DEPUTY Prime Minister Mothetjoa Metsing says attempts by some “detractors” to sabotage his visit to the United Kingdom to solicit for investment fell flat as the trip was a success.
Addressing a press briefing on the outcome of the tour yesterday, Mr Metsing said their objective of wooing investors in the European nation was achieved despite letters written by people claiming to represent Basotho “which sought to tarnish the country’s image”.
Mr Metsing led a delegation consisting of government officials and business executives from 4-6 April 2016 in a tour dubbed Lesotho Investment Forum 2016. Among the sectors for which investment was sought were mining, tourism, agriculture and infrastructure.
However, a person claiming to represent Basotho and using the name David Ndlovu wrote letters to the Commonwealth Enterprise and Investment Council and the Polish Chamber of Commerce warning them not to invest in Lesotho “for their safety”.
Dated 4 April 2016, the letters allege that the government was not upholding the rule of law and that the army was not submissive to civilian authority. They also claim that the “deteriorating political and security issues” in the country had resulted in the European Union withdrawing budgetary support to the Mountain Kingdom.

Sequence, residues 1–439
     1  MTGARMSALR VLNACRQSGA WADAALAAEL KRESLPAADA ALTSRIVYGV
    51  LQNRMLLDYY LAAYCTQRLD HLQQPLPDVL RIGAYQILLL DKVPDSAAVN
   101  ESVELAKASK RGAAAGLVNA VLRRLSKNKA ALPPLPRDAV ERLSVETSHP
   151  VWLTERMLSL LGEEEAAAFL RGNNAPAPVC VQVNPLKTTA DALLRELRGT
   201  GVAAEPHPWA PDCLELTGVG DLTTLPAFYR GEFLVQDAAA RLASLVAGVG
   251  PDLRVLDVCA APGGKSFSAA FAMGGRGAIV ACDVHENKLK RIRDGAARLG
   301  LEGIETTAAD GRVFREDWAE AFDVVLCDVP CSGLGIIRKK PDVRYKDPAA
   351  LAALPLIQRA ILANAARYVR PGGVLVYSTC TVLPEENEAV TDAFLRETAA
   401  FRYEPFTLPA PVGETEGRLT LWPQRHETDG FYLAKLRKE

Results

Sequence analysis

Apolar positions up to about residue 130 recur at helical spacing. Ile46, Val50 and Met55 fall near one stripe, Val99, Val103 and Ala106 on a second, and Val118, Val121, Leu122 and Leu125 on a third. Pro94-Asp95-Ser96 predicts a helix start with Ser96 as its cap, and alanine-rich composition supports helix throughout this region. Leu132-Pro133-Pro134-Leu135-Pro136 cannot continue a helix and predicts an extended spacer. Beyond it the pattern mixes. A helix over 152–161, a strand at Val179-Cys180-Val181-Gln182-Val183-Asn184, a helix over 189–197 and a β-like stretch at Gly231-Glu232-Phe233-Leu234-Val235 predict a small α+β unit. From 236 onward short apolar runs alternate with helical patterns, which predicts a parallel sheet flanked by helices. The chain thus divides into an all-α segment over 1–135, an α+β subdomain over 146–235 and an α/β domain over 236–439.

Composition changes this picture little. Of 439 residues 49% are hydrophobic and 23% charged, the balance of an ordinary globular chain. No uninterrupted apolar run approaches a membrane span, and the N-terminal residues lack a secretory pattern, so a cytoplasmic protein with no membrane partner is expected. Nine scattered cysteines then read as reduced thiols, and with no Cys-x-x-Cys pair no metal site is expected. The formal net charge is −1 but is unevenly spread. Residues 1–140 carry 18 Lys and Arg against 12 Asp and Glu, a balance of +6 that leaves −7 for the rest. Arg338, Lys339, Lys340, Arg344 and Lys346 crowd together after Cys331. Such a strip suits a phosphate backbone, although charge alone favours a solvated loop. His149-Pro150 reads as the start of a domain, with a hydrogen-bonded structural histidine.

However, Mr Metsing said the letters had no effect on their investment drive as it was a resounding success.
“The reception we had was as though Ndlovu had never written those false statements,” he said.
“Letters such as those written by Ndlovu are not in our country’s best interests because they spread false information about the state of governance in Lesotho. In fact, such letters can make investors uncertain about Lesotho.”
The deputy premier said patriotic Basotho should continue to protect the image of the nation, adding that the media had a responsibility to help build the nation.
“What I find shocking is that there are people who circulate such evil correspondence with their identities concealed, yet the media ends up falling prey to these plots by broadcasting and publishing such statements,” said Mr Metsing.
“The media will end up getting into trouble. We all have a responsibility to promote the nation. We might not always see issues from the same perspective, but we have to fulfil our roles.”
He expressed hope that the identity of the author of the letters would be revealed.
“We hope that those who are supposed to make investigations are doing so and all other defamatory statements would be attended to satisfactorily,” Mr Metsing said.
The deputy premier also said he held discussions with the newly-elected Commonwealth Secretary-General Patricia Scotland.
“We urged the Commonwealth to be ready to step in and assist our country on issues of constitutional and public service reforms among others,” he said.